October 13, 2021

The Millennial & Gen-Z Guide to KRS-One VERZUZ Big Daddy Kane

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The Millennial & Gen-Z Guide to KRS-One VERZUZ Big Daddy Kane

Gen-Z and Millennials, here’s a Cheat Sheet for the KRS-One and Big Daddy Kane VERZUZ!

Young people are certainly not the target audience for the upcoming VERZUZ battle between Big Daddy Kane and KRS-One. However the matchup provides an amazing chance for younger fans to learn about the artists that help build hip-hop. 

When I was a little kid, I learned about KRS-One from watching VH1’s 100 Greatest hip-hop songs. The song highlighted was My Philosophy by Boogie Down Productions, an undeniable classic. Nowadays – VH1 and MTV mostly air reruns of Ridiculousness or Love & Hip-Hop, so there isn’t nearly as much mainstream exposure for throwback artists. 

For younger hip-hop fans, we’re going to break down just who KRS-One and Big Daddy Kane are – so that you can enjoy the VERZUZ with the old heads this weekend.

Big Daddy Kane:

  • Was born in 1968 and raised in Brooklyn, New York.
  • Rapped as a member of the Juice Crew, alongside artists Biz Markie, Marley Marl, Mr. Magic, and many more from 1983-1991.
  • His stage name is a mash up of a character named “Caine” from the 1970’s TV show Kung Fu, and a character named “Big Daddy” from the 1963 film Beach House. His government name has no variation of the name Kane. 
  • When Kane was a teenager he became close friends with a young Biz Markie. Kane would go on to write for Biz.
  • In the early 90’s Big Daddy Kane brought Jay-Z on tour. 

KRS-One:

  • Was born in 1965 and raised in the Bronx, New York.
  • Rapped as a member of Boogie Down Productions, alongside D-Nice and Scott La Rock from 1986-1992.
  • KRS-One’s name is both an abbreviation meaning “Knowledge Reigns Supreme Over Nearly Everyone” and an homage to his nickname “Kris.”
  • KRS-One met Scott La Rock while living in a homeless shelter, the two began to do graffiti and make music.
  • KRS-One formed the Stop the Violence Movement, made a song advocating for the freeing of Mumia Abu-Jamal, and has always been politically active.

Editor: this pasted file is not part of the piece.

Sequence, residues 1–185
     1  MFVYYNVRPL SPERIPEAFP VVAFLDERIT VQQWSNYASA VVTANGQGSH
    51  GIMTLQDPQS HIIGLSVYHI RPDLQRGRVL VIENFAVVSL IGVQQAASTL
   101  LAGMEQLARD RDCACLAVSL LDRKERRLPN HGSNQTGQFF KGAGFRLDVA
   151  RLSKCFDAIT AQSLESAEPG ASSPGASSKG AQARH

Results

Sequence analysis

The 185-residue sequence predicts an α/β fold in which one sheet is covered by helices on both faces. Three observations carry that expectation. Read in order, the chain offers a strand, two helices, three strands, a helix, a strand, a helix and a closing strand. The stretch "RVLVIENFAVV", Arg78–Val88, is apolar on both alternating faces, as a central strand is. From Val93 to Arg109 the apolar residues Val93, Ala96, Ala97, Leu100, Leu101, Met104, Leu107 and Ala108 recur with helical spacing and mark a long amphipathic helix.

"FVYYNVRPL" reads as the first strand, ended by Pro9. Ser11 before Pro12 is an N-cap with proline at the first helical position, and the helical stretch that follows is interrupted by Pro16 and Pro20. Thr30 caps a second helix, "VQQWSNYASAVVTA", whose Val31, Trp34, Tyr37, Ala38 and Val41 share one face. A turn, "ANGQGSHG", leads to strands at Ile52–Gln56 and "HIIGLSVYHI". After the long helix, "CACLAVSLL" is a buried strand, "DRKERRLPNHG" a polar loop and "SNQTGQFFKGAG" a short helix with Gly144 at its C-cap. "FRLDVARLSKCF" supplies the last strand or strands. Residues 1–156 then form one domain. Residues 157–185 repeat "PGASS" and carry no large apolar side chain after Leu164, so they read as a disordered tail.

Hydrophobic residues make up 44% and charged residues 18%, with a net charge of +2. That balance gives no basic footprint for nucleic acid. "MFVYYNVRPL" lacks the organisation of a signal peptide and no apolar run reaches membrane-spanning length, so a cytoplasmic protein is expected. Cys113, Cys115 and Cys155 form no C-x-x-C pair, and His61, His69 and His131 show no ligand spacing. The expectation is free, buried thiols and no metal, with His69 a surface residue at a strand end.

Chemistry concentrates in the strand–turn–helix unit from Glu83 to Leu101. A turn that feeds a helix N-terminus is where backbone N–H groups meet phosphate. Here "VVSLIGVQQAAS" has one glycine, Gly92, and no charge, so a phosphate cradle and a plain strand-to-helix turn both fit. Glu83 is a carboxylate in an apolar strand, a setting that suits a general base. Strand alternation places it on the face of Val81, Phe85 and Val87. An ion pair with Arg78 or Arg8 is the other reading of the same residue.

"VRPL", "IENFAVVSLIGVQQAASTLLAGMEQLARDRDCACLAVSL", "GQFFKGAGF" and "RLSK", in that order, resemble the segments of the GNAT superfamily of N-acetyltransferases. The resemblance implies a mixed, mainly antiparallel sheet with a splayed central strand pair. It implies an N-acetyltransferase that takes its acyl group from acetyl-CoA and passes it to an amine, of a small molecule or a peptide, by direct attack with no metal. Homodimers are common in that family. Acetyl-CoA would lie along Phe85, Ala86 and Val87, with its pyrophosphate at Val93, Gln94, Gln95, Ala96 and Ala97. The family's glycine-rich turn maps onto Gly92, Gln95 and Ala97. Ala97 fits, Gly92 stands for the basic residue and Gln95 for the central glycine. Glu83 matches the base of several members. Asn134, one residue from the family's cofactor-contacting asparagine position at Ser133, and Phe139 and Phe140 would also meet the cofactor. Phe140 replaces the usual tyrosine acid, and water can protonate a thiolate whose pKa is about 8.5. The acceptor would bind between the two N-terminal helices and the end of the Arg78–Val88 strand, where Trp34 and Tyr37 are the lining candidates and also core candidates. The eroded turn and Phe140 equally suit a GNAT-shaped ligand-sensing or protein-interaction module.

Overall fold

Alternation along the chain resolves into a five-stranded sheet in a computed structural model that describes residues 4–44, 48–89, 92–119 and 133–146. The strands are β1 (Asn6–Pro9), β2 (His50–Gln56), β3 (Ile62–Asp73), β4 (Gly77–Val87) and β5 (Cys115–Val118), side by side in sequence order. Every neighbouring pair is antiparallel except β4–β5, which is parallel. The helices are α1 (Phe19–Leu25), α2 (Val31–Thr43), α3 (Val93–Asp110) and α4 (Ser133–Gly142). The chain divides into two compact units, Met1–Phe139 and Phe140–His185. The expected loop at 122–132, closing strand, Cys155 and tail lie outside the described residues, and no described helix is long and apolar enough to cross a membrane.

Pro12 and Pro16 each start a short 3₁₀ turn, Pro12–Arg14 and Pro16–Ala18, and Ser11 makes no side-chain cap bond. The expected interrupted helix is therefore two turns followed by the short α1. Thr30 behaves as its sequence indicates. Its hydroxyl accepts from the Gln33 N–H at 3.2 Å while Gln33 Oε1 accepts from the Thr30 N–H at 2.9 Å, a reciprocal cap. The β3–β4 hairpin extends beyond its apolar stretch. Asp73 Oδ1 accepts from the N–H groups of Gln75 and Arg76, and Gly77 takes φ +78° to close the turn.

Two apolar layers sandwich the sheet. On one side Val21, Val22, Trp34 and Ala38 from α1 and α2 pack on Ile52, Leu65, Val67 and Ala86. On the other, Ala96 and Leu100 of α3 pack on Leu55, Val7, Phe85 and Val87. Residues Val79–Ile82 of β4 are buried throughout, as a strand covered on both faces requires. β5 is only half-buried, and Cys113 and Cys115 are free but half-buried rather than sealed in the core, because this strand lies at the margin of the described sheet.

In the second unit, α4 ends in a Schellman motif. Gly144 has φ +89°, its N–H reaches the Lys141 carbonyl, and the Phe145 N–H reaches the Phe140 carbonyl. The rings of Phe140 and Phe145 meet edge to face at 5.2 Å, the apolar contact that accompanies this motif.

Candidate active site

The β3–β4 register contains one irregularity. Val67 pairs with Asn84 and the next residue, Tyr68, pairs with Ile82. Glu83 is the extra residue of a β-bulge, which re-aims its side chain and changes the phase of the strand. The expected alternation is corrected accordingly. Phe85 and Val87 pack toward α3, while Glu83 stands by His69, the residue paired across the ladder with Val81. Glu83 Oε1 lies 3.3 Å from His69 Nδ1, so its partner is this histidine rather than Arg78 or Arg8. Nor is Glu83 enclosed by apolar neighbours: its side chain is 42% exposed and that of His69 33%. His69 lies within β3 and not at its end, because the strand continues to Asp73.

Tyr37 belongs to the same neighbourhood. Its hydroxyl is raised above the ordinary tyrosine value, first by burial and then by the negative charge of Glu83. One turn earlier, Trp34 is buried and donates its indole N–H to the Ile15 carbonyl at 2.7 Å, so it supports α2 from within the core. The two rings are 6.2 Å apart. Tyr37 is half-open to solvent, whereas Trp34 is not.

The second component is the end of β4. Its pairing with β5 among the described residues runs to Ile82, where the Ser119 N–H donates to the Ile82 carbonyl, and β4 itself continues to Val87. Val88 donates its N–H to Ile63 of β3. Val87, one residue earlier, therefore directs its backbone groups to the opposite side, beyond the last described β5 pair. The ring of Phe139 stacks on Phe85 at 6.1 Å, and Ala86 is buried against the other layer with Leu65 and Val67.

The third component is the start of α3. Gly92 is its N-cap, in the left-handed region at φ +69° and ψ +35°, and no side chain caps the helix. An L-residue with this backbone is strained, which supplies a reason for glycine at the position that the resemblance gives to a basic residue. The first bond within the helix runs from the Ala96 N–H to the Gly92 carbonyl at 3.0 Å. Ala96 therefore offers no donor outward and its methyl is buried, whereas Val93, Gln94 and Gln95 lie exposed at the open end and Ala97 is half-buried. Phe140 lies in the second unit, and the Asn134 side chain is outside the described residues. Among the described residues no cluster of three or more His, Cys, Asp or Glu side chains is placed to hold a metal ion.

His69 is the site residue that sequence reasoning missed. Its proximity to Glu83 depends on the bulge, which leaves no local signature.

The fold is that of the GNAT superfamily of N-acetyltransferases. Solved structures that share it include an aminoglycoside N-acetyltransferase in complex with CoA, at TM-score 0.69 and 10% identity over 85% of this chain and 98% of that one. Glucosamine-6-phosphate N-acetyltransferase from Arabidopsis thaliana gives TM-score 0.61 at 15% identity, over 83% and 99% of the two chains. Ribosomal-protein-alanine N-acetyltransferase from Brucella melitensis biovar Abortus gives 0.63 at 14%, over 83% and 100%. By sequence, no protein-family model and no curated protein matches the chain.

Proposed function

Similarities and Differences:

  • Big Daddy Kane was far more of a flashy celebrity than KRS-One who was more lowkey.
  • KRS-One is one of the fathers of conscious rap, whereas Big Daddy Kane whose style is more swaggering. 
  • Both rappers came up in the 1980’s New York rap scene.
  • Both rappers are featured on Cormega’s Mega Fresh alongside Grand Puba, Red Alert, and Parrish Smith.
  • Both KRS-One and Big Daddy Kane have impeccable flows and delivery that are largely unmatched today. 

Songs to Expect and Check Out:

Big Daddy Kane:

Ain’t No Half Steppin, Smooth Operator, Kane Warm It Up, Raw, Nuff Respect, Set It Off, and some Biz Markie songs he has writing credits on – like Nobody Beats the Biz. (Ebro In The Morning listeners may recognize Nobody Beats the Biz as the theme to the Rosenberg Report.) Kane could also play original Juice Crew songs like The Symphony. If you’re looking for celebrity surprises – Kane sings the hook on Feels Like Another One by Patti LaBelle, which would be amazing to see quite frankly. 

KRS-One:

Sound of da Police, Step Into a World, MC’s Act Like They Don’t Know, and 9mm Goes Bang are a great introduction to KRS-One. Boogie Down Productions songs like Love’s Gonna Get’cha and My Philosophy will be crowd pleasers. KRS-One will probably bring out Channel Live, who he collaborated with often and D-Nice, but he absolutely has less tricks up his sleeve than Kane. If KRS-One brings out any big name celebrity it’ll probably be Diddy, who is featured on the remix to Step Into a World. 

Tune into VERZUZ this Sunday 10/17 at 7pm – LIVE from the Barclays Center.

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